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Esophageal Cancer

Esophageal cancer is a disease that occurs in the esophagus – the long tube that runs from your throat to your stomach and carries food and liquids to the stomach for digestion. The two most common types of esophageal cancer are squamous cell carcinoma and adenocarcinoma. Squamous cell carcinomas occur in the inside lining layer of the esophagus, often in the upper and middle portions; whereas, adenocarcinomas begin in glandular cells and occur lower in the esophagus near the stomach.

Statistics

  • In 2022, approximately 20,640 new cases of esophageal cancer are expected to be diagnosed in the United States.
  • An estimated 16,410 Americans will die from the disease in 2022.
  • In Texas, an estimated 1,289 new esophageal cancer cases were anticipated in 2021, and 1,012 Texans were expected to die from the disease.

Risk Factors

  • Age: Esophageal cancer risk increases with age and is most often diagnosed over age 55.
  • Gender: Men are three to four times more likely to develop esophageal cancer than women.
  • Race: African Americans are two times more likely to develop squamous cell esophageal cancer.
  • Personal History: People who have had mouth, throat or lung cancer have a higher risk of esophageal cancer.
  • Gastroesophageal Reflux Disease (GERD): People with a history of acid reflux have a slightly higher risk.
  • Barrett’s Esophagus: Barrett’s esophagus results from long-term severe acid reflux. In this situation, the lining cells of the lower esophagus undergo a change to a glandular type of cell, and this change may lead to a greater risk of developing adenocarcinoma.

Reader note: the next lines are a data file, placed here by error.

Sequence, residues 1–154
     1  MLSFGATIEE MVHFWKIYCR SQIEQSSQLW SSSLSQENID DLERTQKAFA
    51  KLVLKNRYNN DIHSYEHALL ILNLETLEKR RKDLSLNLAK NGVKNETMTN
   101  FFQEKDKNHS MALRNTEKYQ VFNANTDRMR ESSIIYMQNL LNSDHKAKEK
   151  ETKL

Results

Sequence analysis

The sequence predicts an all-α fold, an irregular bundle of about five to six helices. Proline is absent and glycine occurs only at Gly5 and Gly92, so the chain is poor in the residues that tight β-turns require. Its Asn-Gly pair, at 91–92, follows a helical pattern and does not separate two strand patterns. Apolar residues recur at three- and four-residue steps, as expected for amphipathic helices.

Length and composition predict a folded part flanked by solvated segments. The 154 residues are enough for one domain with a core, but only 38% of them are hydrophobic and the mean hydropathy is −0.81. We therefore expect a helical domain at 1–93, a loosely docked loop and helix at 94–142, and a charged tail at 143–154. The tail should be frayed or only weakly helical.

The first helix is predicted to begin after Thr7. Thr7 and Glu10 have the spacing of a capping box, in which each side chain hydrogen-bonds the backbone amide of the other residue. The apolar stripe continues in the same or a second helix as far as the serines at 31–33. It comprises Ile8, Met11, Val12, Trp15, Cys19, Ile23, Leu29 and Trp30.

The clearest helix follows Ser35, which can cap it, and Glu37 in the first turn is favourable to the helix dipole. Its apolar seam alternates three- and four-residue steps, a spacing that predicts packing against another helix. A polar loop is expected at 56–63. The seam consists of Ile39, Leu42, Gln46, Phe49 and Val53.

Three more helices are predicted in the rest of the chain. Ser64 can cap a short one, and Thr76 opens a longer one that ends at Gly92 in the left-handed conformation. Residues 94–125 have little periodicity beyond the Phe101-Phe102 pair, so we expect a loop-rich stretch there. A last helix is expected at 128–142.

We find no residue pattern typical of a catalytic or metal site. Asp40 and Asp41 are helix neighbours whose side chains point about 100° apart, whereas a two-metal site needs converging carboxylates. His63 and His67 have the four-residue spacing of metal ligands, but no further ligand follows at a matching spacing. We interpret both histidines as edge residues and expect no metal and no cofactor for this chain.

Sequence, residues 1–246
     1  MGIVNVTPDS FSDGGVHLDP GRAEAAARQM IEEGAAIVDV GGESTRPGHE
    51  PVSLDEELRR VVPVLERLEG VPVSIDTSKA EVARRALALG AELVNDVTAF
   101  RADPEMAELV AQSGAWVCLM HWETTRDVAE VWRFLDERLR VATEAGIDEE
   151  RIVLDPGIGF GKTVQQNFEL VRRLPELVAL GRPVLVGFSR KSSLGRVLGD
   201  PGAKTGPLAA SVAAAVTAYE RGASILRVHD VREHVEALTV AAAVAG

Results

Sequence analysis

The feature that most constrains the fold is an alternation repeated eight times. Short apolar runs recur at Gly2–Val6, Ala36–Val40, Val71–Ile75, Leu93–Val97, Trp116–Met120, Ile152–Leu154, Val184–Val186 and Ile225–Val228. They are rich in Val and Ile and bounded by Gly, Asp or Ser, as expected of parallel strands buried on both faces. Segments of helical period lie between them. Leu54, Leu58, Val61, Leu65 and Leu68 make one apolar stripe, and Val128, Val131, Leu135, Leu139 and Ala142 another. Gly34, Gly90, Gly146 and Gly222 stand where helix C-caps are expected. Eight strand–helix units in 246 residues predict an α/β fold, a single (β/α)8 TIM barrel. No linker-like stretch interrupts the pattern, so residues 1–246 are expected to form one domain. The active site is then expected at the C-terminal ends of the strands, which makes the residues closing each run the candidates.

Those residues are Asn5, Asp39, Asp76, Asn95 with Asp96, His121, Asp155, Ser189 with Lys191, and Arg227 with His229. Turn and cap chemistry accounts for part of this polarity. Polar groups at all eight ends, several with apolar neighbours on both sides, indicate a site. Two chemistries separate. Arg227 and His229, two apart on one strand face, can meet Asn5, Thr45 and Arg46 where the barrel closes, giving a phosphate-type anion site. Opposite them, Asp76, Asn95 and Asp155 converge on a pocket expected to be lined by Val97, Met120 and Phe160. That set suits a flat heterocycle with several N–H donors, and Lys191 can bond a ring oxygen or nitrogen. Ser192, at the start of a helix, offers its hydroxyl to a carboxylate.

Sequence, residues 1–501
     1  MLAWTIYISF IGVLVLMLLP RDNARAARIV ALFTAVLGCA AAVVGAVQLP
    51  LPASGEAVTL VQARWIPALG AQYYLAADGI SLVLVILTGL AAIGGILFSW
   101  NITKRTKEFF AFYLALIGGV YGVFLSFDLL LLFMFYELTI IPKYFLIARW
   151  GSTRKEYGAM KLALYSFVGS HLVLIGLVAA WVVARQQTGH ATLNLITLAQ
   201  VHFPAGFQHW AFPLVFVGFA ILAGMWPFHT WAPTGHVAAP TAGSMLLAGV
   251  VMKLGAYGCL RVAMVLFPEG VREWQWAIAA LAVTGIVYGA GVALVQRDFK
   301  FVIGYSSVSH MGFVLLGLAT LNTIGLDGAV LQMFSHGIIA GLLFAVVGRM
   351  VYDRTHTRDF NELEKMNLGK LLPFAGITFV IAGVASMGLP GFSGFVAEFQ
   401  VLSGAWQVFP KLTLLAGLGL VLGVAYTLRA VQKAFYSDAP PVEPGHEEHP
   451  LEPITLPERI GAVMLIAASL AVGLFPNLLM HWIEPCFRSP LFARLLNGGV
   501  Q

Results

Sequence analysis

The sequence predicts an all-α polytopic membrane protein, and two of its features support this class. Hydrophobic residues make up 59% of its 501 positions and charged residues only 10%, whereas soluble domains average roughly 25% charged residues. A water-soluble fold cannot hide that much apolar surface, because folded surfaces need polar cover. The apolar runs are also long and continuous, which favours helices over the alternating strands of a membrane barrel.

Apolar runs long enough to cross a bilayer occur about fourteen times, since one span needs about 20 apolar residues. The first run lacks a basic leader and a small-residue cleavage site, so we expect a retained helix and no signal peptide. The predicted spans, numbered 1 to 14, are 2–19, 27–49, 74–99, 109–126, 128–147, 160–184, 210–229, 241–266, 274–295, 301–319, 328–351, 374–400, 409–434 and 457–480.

• Tobacco and Alcohol: Both tobacco and alcohol use significantly raise the risk of esophageal cancer. When both are used, the risk is much greater than with either alone.
  • Obesity: People who are overweight or obese have a higher risk of esophageal cancer, which may be related to higher risk of gastroesophageal reflux disease.
  • Diet: There are some reports that a diet high in processed meat may correlate with increased risk of esophageal cancer, and a plant-based diet correlates with a lower risk.
  • Esophageal Diseases and Injury: People with achalasia, tylosis, Plummer-Vinson syndrome, and exposure to or injury from certain chemicals, such as lye, face a higher risk of esophageal cancer.

Symptoms and Signs

Esophageal cancer symptoms vary from person to person. People with any of these symptoms should consult their physician:

  • Loss of appetite
  • Trouble swallowing, which gets worse over time
  • Persistent indigestion or heartburn
  • Pain, pressure, or burning in chest
  • Frequent choking on food or vomiting after eating
  • Hoarsenessor chronic cough
  • Unintentional weight loss
  • Bleeding in the esophagus: coughing or vomiting up blood
  • New lumps under the skin, enlarged lymph nodes
  • Persistent abdominal pain
  • Bone pain

Tips for Prevention

Risk of esophageal cancer can be reduced by maintaining a healthy and active lifestyle, including not using tobacco, limiting or avoiding alcohol intake, eating a plant-based and balanced diet, and maintaining an healthy weight. Texas Oncology recommends people reduce risk factors for GERD and get treatment for gastroesophageal reflux disease. People with Barrett’s esophagus should be screened regularly for signs of progression to cancer.

 

Treatment

There are many treatment options for people with esophageal cancer, and these are often used together or in sequence. Treatments can include endoscopic ablation with laser therapy or electrocoagulation, surgery, radiation with electron beam or proton therapy, and systemic (medication) therapy such as chemotherapy, targeted therapy, or immunotherapy. Palliation of symptoms and supportive care are also very important; esophageal cancer is often found at a later stage, and treatments may relieve symptoms and improve quality of life even when cure is not expected. Texas Oncology encourages patients to consider participating in a clinical trial when available.

Sources: American Cancer Society, American Society of Clinical Oncology, National Cancer Institute, and Texas Cancer Registry


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